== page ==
9. snowbunny

    snowbunny Administrator Forum Supporter

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    How long is your trip? I brought Willow home on my lap for a four-hour trip, although after a short while, she settled down into the foot well of the car and slept the rest of the way.

    We went back a few weeks later and brought home two of the other pups (one for us, one for friends) and they came back in the crate.

    At such a young age, he may be happier with some human contact, but also keep in mind that it's obviously safer for him to be in a crate in case of accident.

    Unless it's a very long trip, I'd forgo the water. The breeder probably won't feed him right before travelling, because of the increased chance of travel sickness and discomfort from needing the loo. If you can spend a while with him there rather than bringing him straight home, you can play with him and tire him out so he's more likely to sleep on the journey.
     
  10. Boogie

    Boogie Supporting Member Forum Supporter

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    I had Tatze on my lap and was very glad of a chew toy I had taken or she would have chewed my fingers off! Crocapup from day 1!

    Our puppy walking supervisor transports small pups all the time. She has a small plastic crate for them, tied in with the seat belt - and always puts vet bed, a blanket and two teddies in there for them. Nearly all settle well :)
     
  11. Karen

    Karen Moderator Forum Supporter

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    HI there, I brought my pup back from the UK to Germany at eight weeks. My OH drove, and I had her in the footwell by my feet. It was about 500 miles, and it was fine. She slept most of the way, we made lots of stops for pees and poops, and it was only at the very end that she got fretful. I think if we'd driven much longer (it took 11 hours, including the channel crossing) it would have become difficult as she really needed to run around and play by that time, and obviously at stop areas she had to be on a lead.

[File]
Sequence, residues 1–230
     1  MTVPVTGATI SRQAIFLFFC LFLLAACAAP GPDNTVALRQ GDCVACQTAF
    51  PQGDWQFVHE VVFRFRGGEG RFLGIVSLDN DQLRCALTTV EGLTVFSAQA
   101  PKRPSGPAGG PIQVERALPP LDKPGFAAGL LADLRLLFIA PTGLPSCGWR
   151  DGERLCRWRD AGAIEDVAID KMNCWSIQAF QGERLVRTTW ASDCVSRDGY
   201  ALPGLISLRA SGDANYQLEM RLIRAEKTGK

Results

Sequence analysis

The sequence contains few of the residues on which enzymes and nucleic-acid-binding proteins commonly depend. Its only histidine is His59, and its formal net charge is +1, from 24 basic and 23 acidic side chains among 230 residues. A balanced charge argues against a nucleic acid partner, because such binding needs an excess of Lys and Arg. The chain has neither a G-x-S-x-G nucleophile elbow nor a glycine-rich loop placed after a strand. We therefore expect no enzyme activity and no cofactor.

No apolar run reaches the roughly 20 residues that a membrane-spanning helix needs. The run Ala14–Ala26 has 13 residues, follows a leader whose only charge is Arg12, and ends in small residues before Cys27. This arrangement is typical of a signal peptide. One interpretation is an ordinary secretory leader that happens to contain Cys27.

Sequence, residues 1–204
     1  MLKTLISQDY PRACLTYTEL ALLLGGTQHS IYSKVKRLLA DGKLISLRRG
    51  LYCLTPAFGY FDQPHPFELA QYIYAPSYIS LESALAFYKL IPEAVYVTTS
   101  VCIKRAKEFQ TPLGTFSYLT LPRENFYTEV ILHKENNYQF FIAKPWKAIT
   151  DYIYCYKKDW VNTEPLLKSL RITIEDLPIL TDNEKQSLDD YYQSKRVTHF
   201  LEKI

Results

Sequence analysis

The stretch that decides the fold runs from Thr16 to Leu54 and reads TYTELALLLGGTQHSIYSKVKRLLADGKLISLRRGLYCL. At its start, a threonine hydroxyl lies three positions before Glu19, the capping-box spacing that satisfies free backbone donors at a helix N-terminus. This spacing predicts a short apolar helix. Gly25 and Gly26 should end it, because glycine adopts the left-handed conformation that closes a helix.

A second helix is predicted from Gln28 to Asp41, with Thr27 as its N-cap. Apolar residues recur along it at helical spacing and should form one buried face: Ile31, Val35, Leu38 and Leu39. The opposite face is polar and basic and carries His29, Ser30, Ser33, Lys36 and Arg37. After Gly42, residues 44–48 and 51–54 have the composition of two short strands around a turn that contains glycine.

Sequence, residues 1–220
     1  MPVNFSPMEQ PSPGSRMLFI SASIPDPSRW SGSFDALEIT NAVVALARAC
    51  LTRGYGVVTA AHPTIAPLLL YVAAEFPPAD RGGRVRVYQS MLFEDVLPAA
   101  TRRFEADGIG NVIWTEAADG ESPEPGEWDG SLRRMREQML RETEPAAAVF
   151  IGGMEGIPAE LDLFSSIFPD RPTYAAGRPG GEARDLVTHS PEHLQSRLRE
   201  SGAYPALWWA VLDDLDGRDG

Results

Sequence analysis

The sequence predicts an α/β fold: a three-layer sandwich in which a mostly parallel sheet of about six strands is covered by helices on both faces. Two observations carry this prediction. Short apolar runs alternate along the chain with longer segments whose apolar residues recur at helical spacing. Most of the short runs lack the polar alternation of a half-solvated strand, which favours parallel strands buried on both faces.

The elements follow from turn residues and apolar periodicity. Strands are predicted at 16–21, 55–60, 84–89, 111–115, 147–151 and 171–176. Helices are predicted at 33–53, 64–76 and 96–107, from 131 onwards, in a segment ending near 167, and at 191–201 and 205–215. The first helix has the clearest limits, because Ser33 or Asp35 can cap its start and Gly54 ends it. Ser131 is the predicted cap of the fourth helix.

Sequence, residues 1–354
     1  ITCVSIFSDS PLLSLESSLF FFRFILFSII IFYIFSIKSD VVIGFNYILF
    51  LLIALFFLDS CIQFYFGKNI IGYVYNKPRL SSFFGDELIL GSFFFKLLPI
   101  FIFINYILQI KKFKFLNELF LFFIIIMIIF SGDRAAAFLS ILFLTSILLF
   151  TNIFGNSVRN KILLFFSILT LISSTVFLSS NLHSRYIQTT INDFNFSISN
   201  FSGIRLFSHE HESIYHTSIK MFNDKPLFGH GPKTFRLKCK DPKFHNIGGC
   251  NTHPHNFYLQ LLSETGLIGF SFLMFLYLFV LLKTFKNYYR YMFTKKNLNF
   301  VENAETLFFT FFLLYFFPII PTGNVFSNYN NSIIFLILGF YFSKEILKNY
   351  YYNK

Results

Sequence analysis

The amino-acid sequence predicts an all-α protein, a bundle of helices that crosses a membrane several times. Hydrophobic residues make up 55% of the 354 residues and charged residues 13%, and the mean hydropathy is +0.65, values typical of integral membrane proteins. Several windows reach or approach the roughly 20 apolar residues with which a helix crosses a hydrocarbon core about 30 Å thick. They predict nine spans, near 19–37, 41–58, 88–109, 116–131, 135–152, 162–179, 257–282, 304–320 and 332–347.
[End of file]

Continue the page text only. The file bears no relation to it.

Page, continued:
12. mayallen

    mayallen Registered Users

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    Hi all,I am new to the forum. I had my pup on my lap when I took him home and he nearly bit my hand off! Thankfully I was not driving:). A plastic crate sounds like a good idea.I have to get one of those.
     
  13. Harold & Lindsey

    Harold & Lindsey Registered Users

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    Hello. My girlfriend and I are brand new owners of a black lab. We have had her since she was 7 weeks old. She is turning 16 weeks on Sunday. I have read ALL KINDS of articles on puppies biting and most of them say to walk away and ignore the puppy when she bites. Here is my question. When the puppy bites all the time, how do you just walk away (e.g in the middle of a park or on a long walk)? Seems easy enough when in your home, but when she jumps up and tears my girlfriends hand open while I'm not there, how does she "walk away" from that? Please help???
     
  14. Dexter

    Dexter Moderator Forum Supporter

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    Hi there , welcome to the Forum ,sounds like you are living through the period when a perfect crocopup emerges from the crysalis that was once your gorgeous Labrador puppy!
    You might be having a particularly bad time because she left her Mum and litter mates earlier than the recommended 8 weeks.Its only the difference if a week but it's such a critical time in their development for learning manners and bite inhibition. However that's the past ,nothing to be done now ,so let's see if I can help you out a bit.